Edited by Peter Adamson, Han Baltussen, and M.W.F. Stone
January 1, 2005

This two volume Supplement to the Bulletin of the Institute of Classical Studies represents the proceedings of a conference held at the Institute on 27-29 June, 2002 in honour of Richard Sorabji.


These volumes, which are intended to build on the massive achievement of Professor Sorabji’s Ancient Commentators on Aristotle series, focus on the commentary as a vehicle of philosophical and scientific thought.

Edited by Peter Adamson, Han Baltussen, and M.W.F. Stone
January 1, 2005

This two volume Supplement to the Bulletin of the Institute of Classical Studies represents the proceedings of a conference held at the Institute on 27-29 June, 2002 in honour of Richard Sorabji.


These volumes, which are intended to build on the massive achievement of Professor Sorabji’s Ancient Commentators on Aristotle series, focus on the commentary as a vehicle of philosophical and scientific thought.

Volume One deals with the Greek tradition, including one paper on Byzantine philosophy and one on the Latin author Calcidius, who is very close to the late Greek tradition in outlook. The volume begins with an overview of the tradition of commenting on...

Margaret M. Roxan and Paul Holder
November 1, 2003
This volume presents 121 complete and fragmentary diplomas ranging in date from AD 61 to AD 245. 69 of these diplomas have not previously been published.

These and most of the published diplomas had been worked on by Margaret Roxan. Nine have been prepared by Paul Holder who has also standardized entries and updated references and notes where necessary.

Among the appendixes and indexes are a new ‘Revised chronology of diplomas’ and updated witness lists.

This volume continues Margaret Roxan’s Roman Military Diplomas 1954–77 (1978), 1978-84 (1985) and 1985-93 (1994) which were published as Occasional Papers (Nos 2, 9 and 14) of the Institute of Archaeology,...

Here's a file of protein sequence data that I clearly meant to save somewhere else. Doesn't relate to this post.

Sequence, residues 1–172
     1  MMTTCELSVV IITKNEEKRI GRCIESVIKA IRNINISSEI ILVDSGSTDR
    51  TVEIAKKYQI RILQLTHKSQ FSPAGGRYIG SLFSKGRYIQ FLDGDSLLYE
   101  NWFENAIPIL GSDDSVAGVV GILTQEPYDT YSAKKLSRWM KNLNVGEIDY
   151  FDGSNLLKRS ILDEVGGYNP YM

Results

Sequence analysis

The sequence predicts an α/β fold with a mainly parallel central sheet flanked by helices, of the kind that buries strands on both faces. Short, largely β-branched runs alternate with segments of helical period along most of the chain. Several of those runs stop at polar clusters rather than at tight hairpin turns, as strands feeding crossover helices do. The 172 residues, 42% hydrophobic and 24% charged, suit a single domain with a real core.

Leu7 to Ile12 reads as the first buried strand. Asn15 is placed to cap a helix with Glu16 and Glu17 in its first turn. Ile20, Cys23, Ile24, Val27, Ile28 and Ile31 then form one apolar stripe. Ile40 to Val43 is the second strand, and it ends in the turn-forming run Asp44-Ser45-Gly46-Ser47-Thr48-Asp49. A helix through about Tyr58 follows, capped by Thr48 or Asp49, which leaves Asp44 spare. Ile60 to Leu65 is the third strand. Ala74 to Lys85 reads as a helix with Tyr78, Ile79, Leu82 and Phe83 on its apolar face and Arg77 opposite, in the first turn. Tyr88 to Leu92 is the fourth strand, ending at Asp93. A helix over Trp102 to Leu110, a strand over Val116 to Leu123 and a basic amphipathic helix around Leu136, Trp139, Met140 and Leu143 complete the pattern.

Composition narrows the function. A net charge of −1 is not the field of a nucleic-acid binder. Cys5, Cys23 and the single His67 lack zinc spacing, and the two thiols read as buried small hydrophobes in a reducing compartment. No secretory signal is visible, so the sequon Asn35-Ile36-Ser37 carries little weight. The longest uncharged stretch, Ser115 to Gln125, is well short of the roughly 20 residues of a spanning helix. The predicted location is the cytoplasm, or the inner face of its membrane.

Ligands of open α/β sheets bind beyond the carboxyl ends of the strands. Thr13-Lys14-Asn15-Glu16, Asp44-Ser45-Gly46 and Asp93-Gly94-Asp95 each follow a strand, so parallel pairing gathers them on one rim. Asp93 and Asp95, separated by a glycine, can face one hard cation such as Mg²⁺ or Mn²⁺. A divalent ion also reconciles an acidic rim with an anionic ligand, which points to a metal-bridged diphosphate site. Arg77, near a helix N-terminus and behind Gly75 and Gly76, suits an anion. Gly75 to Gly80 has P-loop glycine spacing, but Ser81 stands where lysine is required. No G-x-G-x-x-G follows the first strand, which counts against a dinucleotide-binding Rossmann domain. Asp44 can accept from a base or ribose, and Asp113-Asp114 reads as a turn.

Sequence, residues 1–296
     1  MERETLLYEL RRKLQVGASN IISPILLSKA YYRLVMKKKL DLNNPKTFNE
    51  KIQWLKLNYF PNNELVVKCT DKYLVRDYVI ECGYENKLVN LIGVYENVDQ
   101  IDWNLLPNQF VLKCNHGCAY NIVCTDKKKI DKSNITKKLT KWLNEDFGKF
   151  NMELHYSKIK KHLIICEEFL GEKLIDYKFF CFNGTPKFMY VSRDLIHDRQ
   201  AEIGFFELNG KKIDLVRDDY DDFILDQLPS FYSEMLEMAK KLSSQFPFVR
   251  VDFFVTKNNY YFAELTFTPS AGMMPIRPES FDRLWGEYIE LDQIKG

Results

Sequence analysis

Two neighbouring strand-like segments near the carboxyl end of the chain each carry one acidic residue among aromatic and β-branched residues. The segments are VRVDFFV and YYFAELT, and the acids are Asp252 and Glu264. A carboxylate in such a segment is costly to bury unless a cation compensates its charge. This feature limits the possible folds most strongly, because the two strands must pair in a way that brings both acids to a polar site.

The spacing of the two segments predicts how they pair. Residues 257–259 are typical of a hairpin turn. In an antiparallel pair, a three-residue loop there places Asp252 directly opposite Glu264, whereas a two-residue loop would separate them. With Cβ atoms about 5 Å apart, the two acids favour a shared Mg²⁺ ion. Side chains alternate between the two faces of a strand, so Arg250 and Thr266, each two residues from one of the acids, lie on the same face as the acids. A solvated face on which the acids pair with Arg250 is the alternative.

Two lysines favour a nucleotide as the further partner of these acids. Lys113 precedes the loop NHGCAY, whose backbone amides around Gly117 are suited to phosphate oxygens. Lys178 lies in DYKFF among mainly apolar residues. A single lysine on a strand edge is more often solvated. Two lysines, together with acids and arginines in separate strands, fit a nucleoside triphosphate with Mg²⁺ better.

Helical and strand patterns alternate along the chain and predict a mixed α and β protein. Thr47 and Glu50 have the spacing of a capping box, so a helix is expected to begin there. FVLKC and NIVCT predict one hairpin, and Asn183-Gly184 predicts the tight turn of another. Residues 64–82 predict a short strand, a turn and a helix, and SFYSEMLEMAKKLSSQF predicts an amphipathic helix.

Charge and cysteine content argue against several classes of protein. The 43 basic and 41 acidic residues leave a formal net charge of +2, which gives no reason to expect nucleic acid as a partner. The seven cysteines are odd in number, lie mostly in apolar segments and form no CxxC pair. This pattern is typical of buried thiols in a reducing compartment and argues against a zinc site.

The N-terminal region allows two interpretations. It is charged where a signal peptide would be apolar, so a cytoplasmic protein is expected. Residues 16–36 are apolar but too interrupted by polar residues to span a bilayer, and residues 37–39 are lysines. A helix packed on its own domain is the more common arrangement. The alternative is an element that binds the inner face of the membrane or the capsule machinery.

Edited by J.J. Wilkes
November 1, 2003
This volume places on record the proceedings of the colloquium held in honour of Dr. Margaret Roxan at the Institute of Classical Studies in May 2002. The theme of the colloquium was the written record of the Roman army, though the scope of the contributions embraced both historical and archaeological topics. Central to the discussions were the military diplomas recording grants of citizenship and other privileges to various categories of military personnel. The study and publication of these important records, of which several hundred are known, was Margaret Roxan’s life work. Over thirty years she worked as a dedicated scholar with minimal help from a few institutions. Her three edited collections of newly-found diplomas have acquired a...
Edited by Ingo Gildenhard and Martin Ruehl
October 1, 2003
Classics is, and always has been, political. In the sixty odd years between the birth of the Second Empire and the rise of Nazism, German classics experienced particularly virulent ideological conflicts. Around 1880 a new generation of philologists began to challenge the liberal neo-humanism that had defined the discipline since Winckelmann. Drawing on novel source material and research methods they turned to the irrational transgressive and ‘oriental’ elements of ancient Greece. Though methodologically innovative, their comparative approach to Hellenic civilization in many ways reinforced the racist and anti-semitic discourses of fin-de-siècle Germany.

Out of Arcadia presents a provocative re-evaluation of this...